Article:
Need a bit of help finding a good textbook


by Furchtbar
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Furchtbar
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#1
Jun16-10, 06:11 PM
P: 3
I am currently (considered) a junior in high school having just finished my sophomore year. I will be taking AP Calc BC, Physics C (both units), along with Computer Science 1 and 2 at a community college. I have a strong background in computational problem solving and am fluent in C++, Java, Python, and Lisp. Naturally, two of my top choices of college majors are Computer Science and Computer Engineering, but my whole life has revolved around the sciences. Mainly chemistry, until I was about 10 years old and realized that chemistry was basically applied physics, and became curious. I have read a lot of popular science literature in complete awe, and have wanted to dive deeper and gain a more technical knowledge of physics for a long time now. Alas, summer is here, and I don't really want to wait until next year for Physics C when I could get a good head start now. My high school is extremely small (4 kids per class on average) and know the teachers very well so if I pull ahead now I could get in to much more advanced topics in the class. I have a good understanding of single and multivariable calculus from teaching myself using the wonderful lectures from MIT Open Course Ware, and will probably work quite a bit on differential equations and linear algebra over the summer.

My current resources allow me access to Feynman's Lectures (all volumes) and a variety of entry level college textbooks, along with works on specific subjects. I plan to also watch Walter Lewin's (from MIT OCW) lectures on physics in order to fortify my understanding of what I'm reading. I have heard from several sources that Feynman's Lectures are best used as a supplemental text and not as a main textbook, so if anyone can reccommned a good main textbook for me to use I would be greatly appreciative.

Thanks in advance.
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snipez90
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#2
Jun16-10, 08:13 PM
P: 1,106
Halliday and Resnick
Saladsamurai
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#3
Jun16-10, 08:40 PM
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Quote Quote by snipez90 View Post
Halliday and Resnick
Agreed. It's not the endall of physics texts, but I really enjoyed the balance between intuition and rigor that the authors went for.

Furchtbar
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#4
Jun16-10, 08:44 PM
P: 3

Need a bit of help finding a good textbook


Looks like a great text. Definitely will check it out. Unfortunately, I only have access to the 8th edition but it shouldn't be much of a problem. Thanks again.
Saladsamurai
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#5
Jun16-10, 09:22 PM
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Quote Quote by Furchtbar View Post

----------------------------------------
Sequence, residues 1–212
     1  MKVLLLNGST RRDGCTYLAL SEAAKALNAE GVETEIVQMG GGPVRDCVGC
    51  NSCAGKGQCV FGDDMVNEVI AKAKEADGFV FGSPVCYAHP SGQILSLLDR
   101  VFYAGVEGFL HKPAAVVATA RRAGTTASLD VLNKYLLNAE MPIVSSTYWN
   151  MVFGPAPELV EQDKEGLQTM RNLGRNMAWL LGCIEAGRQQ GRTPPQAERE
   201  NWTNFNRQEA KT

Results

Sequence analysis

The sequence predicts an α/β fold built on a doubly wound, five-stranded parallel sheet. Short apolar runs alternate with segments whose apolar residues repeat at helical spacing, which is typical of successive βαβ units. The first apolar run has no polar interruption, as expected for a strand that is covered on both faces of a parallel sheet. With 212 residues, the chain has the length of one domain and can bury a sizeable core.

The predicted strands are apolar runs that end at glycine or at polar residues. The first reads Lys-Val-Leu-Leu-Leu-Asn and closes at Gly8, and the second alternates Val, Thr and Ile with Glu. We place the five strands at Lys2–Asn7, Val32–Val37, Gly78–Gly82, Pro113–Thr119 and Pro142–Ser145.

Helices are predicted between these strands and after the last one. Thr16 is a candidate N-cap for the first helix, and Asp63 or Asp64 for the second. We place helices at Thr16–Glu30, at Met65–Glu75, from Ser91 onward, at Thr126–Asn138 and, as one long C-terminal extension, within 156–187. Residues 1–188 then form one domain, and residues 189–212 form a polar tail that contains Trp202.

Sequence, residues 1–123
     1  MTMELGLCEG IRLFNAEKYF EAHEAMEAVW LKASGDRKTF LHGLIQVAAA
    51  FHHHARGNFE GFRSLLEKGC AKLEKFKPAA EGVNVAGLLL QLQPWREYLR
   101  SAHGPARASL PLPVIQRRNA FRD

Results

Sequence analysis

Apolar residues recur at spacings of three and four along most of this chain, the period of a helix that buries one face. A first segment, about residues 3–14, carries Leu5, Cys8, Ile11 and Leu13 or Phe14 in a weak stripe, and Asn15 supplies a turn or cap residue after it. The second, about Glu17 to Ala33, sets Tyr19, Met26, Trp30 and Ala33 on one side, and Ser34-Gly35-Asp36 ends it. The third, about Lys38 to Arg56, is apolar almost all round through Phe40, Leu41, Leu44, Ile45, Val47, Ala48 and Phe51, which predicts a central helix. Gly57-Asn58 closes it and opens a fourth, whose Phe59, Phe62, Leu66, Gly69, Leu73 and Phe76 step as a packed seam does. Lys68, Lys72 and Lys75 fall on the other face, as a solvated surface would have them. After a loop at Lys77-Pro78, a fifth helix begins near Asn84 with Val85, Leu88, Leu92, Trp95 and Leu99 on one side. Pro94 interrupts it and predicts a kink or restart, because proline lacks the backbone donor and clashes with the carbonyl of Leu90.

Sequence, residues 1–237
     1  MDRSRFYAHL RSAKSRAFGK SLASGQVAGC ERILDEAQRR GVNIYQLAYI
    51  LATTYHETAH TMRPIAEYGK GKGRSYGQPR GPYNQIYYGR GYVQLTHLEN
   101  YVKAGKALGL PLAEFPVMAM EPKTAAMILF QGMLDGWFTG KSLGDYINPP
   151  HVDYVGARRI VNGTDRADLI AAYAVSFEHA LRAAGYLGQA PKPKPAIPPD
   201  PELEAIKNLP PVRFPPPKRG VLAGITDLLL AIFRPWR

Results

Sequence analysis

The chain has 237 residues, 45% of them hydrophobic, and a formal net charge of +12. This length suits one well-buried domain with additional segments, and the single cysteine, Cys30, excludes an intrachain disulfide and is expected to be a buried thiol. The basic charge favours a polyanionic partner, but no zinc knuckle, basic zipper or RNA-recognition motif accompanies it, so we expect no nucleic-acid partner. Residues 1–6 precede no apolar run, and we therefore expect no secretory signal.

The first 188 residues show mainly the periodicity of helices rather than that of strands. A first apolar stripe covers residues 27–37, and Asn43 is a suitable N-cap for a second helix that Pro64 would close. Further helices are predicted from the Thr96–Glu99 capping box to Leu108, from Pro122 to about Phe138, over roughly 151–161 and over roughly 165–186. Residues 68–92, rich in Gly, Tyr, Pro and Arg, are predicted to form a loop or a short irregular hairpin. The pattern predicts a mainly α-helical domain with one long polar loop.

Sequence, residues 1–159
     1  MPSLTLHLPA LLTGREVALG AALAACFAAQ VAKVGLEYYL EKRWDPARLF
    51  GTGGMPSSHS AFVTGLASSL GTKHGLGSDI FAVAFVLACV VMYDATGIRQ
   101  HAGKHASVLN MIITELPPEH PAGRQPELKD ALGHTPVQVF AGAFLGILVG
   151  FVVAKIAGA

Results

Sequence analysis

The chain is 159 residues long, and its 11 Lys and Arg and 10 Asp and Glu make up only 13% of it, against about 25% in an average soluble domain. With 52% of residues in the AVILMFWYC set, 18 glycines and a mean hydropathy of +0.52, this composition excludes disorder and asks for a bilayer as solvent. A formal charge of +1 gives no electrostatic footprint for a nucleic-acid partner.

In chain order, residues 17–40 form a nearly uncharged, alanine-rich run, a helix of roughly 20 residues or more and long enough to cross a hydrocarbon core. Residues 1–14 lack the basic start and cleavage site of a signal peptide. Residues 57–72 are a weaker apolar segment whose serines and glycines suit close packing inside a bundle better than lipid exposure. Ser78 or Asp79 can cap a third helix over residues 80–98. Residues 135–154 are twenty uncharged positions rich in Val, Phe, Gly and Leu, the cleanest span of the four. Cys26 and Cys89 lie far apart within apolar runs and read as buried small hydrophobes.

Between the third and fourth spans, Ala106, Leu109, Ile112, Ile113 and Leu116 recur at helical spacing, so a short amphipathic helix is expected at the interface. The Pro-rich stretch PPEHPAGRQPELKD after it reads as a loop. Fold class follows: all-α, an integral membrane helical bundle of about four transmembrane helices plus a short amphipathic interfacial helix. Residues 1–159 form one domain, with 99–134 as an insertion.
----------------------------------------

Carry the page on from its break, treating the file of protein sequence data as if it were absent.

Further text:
Looks like a great text. Definitely will check it out. Unfortunately, I only have access to the 8th edition but it shouldn't be much of a problem. Thanks again.
Don't ever worry about editions (unless we are talking a difference of decades or if your instructor requires a certain edition). The material is exactly the same. I have the 7th, but in the class I took, students had both the 7th and 8th due to a mixup. There were no issues except that the numbers of the HW assignments were different. Same exact problems, but just remixed. That is what a new edition is usually. New pictures and different ordering of the end-of-chapter problems. It's just the publisher's way of cash raping the student.
Heisenberg.
Heisenberg. is offline
#6
Jun16-10, 09:37 PM
P: 69
Definitely agree about Halliday and Resnick, I would also suggest getting the student solutions manual - very explicit and always answers that "but how did you get from there to there, and why?" The manual is for all the volumes (3 in totality) 1) being mechanics, and 2) and 3) being E and M and little bit of 20th century physics towards the end.
6eecs
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#7
Jun16-10, 10:53 PM
P: 20
Since you sound like a smart guy, I would recommend:

"Introduction to mechanics" by Kleppner&Kolenkow. Beware though, it is on a whole higher level than halliday resnick stuff

If you want a theoretical mechanics textbook, Landau Lifgarbagez vol.1 is great. (you need multivariable calculus and a s***load of insight to understand it though).
Furchtbar
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#8
Jun17-10, 01:48 AM
P: 3
Since you sound like a smart guy, I would recommend:

"Introduction to mechanics" by Kleppner&Kolenkow. Beware though, it is on a whole higher level than halliday resnick stuff

If you want a theoretical mechanics textbook, Landau Lifgarbagez vol.1 is great. (you need multivariable calculus and a s***load of insight to understand it though).
Thank you for the recommendations. I would like to take this one step at a time, since I feel that since I don't have an actual lecturer I might be more prone to not fully understanding important concepts if I am not careful. If I can find a copy of the Kleppner & Kolenkow book, then I will use it as a supplementary text to take concepts I feel very comfortable with one step further. I'm not on the level where I could understand mechanics (or any field of physics) on a purely mathematical level, so the second text is probably out of the question for now, but I will keep it in mind for later.

Thanks again.


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